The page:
The founder of Hindavi Swarajya, Chhatrapati Shivaji Maharaj, laid emphasis on the importance of using sea as a geographical entity. Among the native rulers in the vicinity of Konkan, the Siddis put a larger focus on their maritime perspective and seaward approach. The fort of Murud Janjira stands testimony to tell tales of the small yet powerful citadel of the Siddis. Fortified to the teeth, the structure could never be conquered by the Marathas, the Portuguese, or the British; in spite of their numerous attempts. Learning their lessons early on, the Marathas formulated and enhanced their maritime policies. To counter the offensive, they built a smaller sea fort called Padmadurg (also known as Kasa); one of the five historical sea forts constructed during the reign of Chhatrapati Shivaji Maharaj.
THE INVINCIBLE MURUD – JANJIRA
The sea fort at Murud-Janjira is one of the most unique and beautiful forts in India. Situated in Raigad district of Maharashtra, it is surrounded by the Arabian sea on all sides. The fort is only accessible by sail boats and ferry services from the coastal village of Murud.
The erected structure has 22 massive bastions and high protective walls and ramparts with massive black granite walls that seem to be standing right on the water. Being the capital of the Siddis, Janjira was once inhabited by a large number of people. Their descendants still live in and around the coastal village of Murud. The fort and its buildings lacks architectural ornamentation. Yet, the sheer beauty of this fort lies in the clever military designs that the architects used making the fort almost impregnable.
The main buildings inside the fort includes the royal palace. There are various other buildings such as mosques, houses of noblemen, stables, granaries, along with underground passages. Many of these buildings are interconnected. There are large fresh water tanks that helped the inhabitants survive, without having to leave the fort for years at a stretch.
The Siddis strengthened the fort largely by adding a number of heavy cannons. According to historian B. K. Apte, “The European guns of Swedish, Spanish, Dutch and French make bear witnesses to the Siddis’ dependence on foreigners for guns of good calibre.” Today, one can witness a few of the large cannons that continue to remain in place, along with the largest cannon — the infamous Kallal Bangdi.
Situated on a rock of oval shape near the port town of Murud, 165kms south of Mumbai, Janjira is one of the strongest marine forts of India (the word ‘Janjira’ is a corruption of the Arabic word Jazira for island). The forts is approached by sailboats from Rajapuri jetty. The main gate of the fort faces Rajapuri on the shore and can be seen only when one is quite close to it. It has a small postern gate towards the open sea for escape. The fort has 19 rounded bastions, still intact. There are many canons of native and European make rusting on the bastions. Now in ruins, the fort in its heyday had all necessary facilities, e.g., palaces, quarters for officers, mosque, a big fresh water tank, etc. On the outer wall flanking the main gate, there is a sculpture depicting a tiger-like beast clasping elephants in its claws. This sculpture, its meaning difficult to interpret, appears on many fort-gates of Maharashtra.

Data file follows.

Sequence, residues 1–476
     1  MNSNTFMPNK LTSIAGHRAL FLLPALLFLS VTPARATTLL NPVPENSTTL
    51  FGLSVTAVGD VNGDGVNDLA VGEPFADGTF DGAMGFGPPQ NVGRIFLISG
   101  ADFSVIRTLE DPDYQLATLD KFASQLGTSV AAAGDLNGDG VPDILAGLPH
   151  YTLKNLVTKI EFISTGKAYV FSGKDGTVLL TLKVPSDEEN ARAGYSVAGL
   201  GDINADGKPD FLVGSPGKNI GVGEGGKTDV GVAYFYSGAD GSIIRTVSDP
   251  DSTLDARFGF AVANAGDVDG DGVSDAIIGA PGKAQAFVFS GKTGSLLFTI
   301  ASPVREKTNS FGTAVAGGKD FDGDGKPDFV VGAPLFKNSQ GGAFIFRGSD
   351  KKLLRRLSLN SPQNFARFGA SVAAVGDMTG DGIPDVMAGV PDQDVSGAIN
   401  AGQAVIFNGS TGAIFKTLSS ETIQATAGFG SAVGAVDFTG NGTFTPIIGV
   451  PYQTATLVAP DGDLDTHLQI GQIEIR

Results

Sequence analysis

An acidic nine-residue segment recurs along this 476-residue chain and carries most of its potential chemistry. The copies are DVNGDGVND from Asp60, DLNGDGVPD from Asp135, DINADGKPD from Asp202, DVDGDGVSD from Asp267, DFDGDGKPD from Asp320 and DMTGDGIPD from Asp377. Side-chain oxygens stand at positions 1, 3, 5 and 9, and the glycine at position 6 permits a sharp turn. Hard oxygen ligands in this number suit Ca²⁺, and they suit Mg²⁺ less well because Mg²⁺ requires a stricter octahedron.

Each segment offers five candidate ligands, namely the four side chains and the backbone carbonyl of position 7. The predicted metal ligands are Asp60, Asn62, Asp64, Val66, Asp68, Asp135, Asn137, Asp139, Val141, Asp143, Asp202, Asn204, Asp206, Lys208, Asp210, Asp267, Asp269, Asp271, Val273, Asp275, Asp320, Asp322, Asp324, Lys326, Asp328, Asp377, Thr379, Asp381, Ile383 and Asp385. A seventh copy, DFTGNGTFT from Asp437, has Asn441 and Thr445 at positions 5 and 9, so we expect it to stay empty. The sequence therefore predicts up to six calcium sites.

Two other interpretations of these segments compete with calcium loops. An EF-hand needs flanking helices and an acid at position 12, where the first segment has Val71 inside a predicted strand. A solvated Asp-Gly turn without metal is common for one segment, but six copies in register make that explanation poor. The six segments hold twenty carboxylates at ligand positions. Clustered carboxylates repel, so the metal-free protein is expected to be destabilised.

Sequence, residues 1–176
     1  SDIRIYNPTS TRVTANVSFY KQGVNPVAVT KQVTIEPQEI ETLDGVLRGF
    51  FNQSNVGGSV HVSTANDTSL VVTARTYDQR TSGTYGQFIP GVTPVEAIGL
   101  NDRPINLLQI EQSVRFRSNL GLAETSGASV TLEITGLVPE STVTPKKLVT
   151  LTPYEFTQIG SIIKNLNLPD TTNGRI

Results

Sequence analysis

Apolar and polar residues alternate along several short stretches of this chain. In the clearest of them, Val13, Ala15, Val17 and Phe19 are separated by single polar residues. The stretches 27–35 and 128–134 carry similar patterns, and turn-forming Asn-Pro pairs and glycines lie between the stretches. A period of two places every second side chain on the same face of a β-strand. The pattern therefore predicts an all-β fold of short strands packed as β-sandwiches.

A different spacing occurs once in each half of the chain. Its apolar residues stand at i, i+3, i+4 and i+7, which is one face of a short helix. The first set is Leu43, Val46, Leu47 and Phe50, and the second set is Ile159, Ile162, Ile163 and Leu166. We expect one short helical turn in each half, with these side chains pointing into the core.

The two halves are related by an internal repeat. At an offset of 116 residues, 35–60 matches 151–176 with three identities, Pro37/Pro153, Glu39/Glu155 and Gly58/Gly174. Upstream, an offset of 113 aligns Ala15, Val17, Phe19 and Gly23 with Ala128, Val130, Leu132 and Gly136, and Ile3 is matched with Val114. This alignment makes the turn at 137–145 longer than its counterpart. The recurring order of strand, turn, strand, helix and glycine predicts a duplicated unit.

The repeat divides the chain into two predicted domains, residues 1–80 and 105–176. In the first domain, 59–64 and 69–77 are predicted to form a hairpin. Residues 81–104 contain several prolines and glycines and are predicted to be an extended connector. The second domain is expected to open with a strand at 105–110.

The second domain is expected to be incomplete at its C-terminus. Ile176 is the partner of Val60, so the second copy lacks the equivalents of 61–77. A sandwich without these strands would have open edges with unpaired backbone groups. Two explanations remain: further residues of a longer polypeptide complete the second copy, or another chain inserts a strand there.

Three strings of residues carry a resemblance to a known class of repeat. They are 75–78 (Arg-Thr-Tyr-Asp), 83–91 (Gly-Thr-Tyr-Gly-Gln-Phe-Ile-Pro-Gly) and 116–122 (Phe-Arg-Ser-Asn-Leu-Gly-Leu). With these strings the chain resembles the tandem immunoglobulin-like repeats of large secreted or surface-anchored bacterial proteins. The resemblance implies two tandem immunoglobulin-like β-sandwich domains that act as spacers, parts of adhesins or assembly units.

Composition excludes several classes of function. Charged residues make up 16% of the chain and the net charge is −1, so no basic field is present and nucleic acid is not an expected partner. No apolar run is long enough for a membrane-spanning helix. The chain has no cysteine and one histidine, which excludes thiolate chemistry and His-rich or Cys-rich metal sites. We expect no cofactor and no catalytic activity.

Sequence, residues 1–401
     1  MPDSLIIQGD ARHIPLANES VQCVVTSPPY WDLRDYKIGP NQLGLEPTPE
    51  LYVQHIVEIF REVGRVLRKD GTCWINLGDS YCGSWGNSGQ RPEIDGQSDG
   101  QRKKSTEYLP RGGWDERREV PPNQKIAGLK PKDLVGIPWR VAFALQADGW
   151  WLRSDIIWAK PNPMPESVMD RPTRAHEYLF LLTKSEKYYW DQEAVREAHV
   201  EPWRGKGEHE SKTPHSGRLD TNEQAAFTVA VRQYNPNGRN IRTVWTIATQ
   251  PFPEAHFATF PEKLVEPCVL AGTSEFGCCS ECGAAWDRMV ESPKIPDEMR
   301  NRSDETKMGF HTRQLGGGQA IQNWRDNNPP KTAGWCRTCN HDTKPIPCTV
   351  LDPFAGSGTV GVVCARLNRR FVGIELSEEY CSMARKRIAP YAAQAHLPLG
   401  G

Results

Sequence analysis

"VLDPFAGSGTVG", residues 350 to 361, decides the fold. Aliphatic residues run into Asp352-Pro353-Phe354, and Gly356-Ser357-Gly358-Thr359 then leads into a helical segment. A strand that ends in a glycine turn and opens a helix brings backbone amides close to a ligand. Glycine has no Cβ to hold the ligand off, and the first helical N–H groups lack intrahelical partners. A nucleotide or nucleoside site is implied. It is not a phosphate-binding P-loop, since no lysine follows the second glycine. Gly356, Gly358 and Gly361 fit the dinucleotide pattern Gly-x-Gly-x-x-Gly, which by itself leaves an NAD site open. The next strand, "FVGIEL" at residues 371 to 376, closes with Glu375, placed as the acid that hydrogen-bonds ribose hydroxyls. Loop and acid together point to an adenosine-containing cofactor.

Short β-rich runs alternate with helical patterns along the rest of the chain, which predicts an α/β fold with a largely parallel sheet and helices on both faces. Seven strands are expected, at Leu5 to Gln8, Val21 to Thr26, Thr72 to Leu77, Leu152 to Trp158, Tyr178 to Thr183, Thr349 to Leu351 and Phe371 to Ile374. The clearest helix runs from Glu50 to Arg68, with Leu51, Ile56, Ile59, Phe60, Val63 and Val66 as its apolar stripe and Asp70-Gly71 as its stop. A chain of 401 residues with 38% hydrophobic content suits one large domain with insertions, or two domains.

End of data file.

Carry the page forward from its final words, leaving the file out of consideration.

Originally the fort was small wooden structure built by a Koli chief in the late 15th century. It was captured by Pir Khan, a general of Nizamshah of Ahmednagar. Later the fort was strengthened by Malik Ambar, the Abyssinian Siddi regent of Ahmednagar kings. From then onward Siddis became independent, owing allegiance to Adilshah and the Mughals as dictated by the times. Despite their repeated attempts, the Portuguese, the British and the Marathas failed to subdue the Siddi power. Shivaji’s all attempts to capture Janjira fort failed due to one reason or the other. When Sambhaji also failed, he built another island fort, known as Kansa or Padmadurg, just 9kms north of Janjira. The Janjira state came to an end after 1947. The palace of the Nawabs of Janjira at Murud is still in good shape
PADMADURG FORT -A FOIL FOR THE SIDDIS
Padmadurg was built on the low-lying Kamsa rock jutting out from the sea which is situated only 10 kilometers from Janjira. But the fort couldn't serve the purpose for which it was built. The Deccan was a hotbed of renewed politics after the death of Chhatrapati Shivaji Maharaj and the Maratha administration dwindled. Eventually, Padmadurg's fate was sealed when it fell into the hands of the Siddis.
The shape of the fort resembles an open lotus, also known as Padma, substantiating its etymological significance. Numerous sculptures and motifs of the lotuses can be seen inside the fortress too. The engineering and technical skills of the Marathas is marvelled with regards to the transportation of materials across the sea to build this fort. The fort contained 70 to 80 cannons in the past and now only 42 remain some of which have rusted due to the humid climate conditions.
The essence of Chhatrapati Shivaji Maharaj’s maritime vision was encapsulated by the words “Jalameva Yasya Balameva Tasya” (meaning: He who rules over the seas is all powerful). With his far-sight and vision, he could sense the importance of establishing control and supremacy in the seas which his contemporaries lacked. These forts, like many others, were abandoned towards the beginning of the twentieth century. Lack of modern amenities, dwindling fresh water reserves and rising fiscal problems made the inhabitants of Janjira move to nearby coastal villages to look for employment. The Padmadurg fort lies desolate, lonely and abandoned, while Murud-Janjira is a popular tourist attraction for weekend getaways. The conservation and repair works have restored its heritage value, making it worth a visit.